In Australia, a fitness fanatic mother claims she has never given her daughter sugar, and that her little one is on the Paleo diet since birth.
In 2016, Shannon Cooper, from Brisbane, said that she has devoted her life to living happily and healthily, simply by eating the right kind of food.
Shannon’s daughter, Grace, who’s 13-months-old at the time, has never had processed carbohydrates since birth.
Little Grace only eats meat, vegetables, nuts, and fruits, foods that a “caveman might eat,” Shannon told Daily Mail.
The Paleo diet was made famous by celebrity chef Pete Evans, he restricts his followers from eating processed foods, dairy products, sugars, salt, legumes, grains, and oils.
Paleolithic diet, Paleo diet, caveman diet, or stone-age diet is a modern fad diet containing foods thought by its supporters to imitate those eaten during the Paleolithic era.
There are different variants of the diet; some are predominantly plant-based but the most recent popular variants focus on animal products.
The diet avoids processed food and typically includes vegetables, fruits, nuts, roots, and meat and excludes dairy products, grains, sugar, legumes, processed oils, salt, alcohol, and coffee.
Grace, who has been on the Paleo diet since birth in addition to being breastfed, has only been sick once in her life because of her “nutrient-dense diet,” Shannon said.
“I have a background in science and animal health & have done a wellness coaching course,” Shannon wrote on her website. “I have done my certificate IV in Fitness, taught boxing classes and the occasional boot camp.”
“She spends a lot of time around other kids who are sick all the time – who have snotty noses, coughs, colds – but she just doesn’t pick it up,” she said. “It’s certainly not because I’m shielding her from any of that stuff. I absolutely think a nutrient-dense diet is giving her a strong immune system.”
Shannon said that she adopted the paleo diet way before she had given birth to Grace, adding that she discovered the paleo diet after reading a book about it around five years ago.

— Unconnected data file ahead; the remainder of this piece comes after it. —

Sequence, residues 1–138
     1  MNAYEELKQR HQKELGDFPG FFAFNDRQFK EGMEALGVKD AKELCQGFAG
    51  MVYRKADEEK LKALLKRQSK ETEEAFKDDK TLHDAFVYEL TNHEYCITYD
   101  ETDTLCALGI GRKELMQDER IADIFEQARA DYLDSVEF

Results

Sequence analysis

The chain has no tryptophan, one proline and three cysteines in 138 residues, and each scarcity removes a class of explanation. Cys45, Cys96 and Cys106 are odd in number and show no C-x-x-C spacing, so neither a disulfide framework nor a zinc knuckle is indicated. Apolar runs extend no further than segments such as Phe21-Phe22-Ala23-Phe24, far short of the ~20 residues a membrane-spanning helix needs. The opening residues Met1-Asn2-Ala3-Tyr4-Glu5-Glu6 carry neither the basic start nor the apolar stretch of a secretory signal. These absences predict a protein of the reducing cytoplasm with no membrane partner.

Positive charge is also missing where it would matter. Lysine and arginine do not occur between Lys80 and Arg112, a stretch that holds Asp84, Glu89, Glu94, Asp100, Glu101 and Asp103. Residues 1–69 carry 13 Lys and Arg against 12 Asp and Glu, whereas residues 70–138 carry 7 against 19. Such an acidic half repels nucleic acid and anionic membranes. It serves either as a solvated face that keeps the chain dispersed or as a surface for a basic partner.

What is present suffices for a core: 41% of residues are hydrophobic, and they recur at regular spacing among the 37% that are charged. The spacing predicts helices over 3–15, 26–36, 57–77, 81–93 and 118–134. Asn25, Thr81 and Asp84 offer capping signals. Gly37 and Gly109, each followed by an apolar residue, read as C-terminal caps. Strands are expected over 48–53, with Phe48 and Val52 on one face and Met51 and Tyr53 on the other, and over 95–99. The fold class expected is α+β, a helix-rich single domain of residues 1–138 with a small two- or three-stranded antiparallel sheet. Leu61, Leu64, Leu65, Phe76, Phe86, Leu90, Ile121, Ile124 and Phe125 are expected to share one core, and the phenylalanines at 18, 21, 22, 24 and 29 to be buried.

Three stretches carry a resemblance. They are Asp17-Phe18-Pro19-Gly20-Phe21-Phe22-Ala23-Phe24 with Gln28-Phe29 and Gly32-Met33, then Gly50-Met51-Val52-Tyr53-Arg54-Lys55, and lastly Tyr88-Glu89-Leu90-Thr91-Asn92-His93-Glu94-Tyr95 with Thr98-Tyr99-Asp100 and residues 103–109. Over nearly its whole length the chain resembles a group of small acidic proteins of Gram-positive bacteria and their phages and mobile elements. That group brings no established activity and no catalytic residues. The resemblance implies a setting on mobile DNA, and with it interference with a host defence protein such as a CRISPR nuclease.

Shannon said that she had struggled to live with food allergies and that it had become a part of her normal life. So, she worked to improve her diet around them.
“I just got sick of not feeling great,” Shannon said. “That had become my normal and (I decided) that wasn’t going to be normal anymore.”
Despite raising her daughter on a strict diet, Shan acknowledges that Grace will eventually eat sugary foods.
“(What she eats now) is not weird, not anything strange, that normal people wouldn’t eat,” Shannon said. “She loves it.”
“I don’t feed her toast or cereal or anything like that,” she explained. “Again I think, “sure that stuff is not going to kill her. If she eats a piece of bread, I’m not going to have conniption. I’m not going to not let her go to kids’ parties. She’s going to go to kids’ parties and eat what’s there.”
“I’m never going to go to Grace, “You can’t eat anything at this party – but I packed you some kale, here you go”.
Shan has said that when her daughter is old enough to understand what she likes and doesn’t like, she is not going to force her to stay on a strict diet. She just wants to create a solid foundation for her baby’s future health.
“She’ll be old enough to know she can choose whatever she wants to eat,” she explained. “She’ll probably come home jacked up on sugar and cake and say, “mum I don’t feel very well.”
“And next time instead of eating 12 cupcakes she might only eat three,” she continued. “I don’t want there to be any disordered eating around food.”
“Females particularly have enough problems with eating disorders … I want Grace to eat what makes her feel good,” Shannon said. “That’s the reason I eat this way. I don’t think eating a piece of bread is going to kill me.”
“When I go out with dinner with friends… I’m just going to eat what’s on the menu,” she said. “I’m not going to be a jerk about it. She’ll also learn what makes her feel good and what doesn’t.”
Because of Grace’s strange diet, trolls went on to criticize Shannon and her unique parenting towards her daughter.
However, Shannon did not back down and responded to the criticisms in the best way that she can.
“(Why) eating real food is such a scandalous topic is just bizarre,” Shannon said. “If you want to feed your kid one of the most nutrient-void pieces of crap ever, knock your socks off.”
“I’m not going to internet troll you,” Shannon continued. “You do the right thing you think for (your) kid. Why people think it’s offensive to eat a plate of vegetables (over) a piece of bread – that’s bizarre.”
According to medical experts, the Paleo diet certainly has its pros and cons. The main idea behind the diet is to eat as our caveman ancestors did, and lots of experts agree that our ancestors ate healthier than we do in modern times.
Parents considering the paleo diet should consult with their pediatricians before making a change.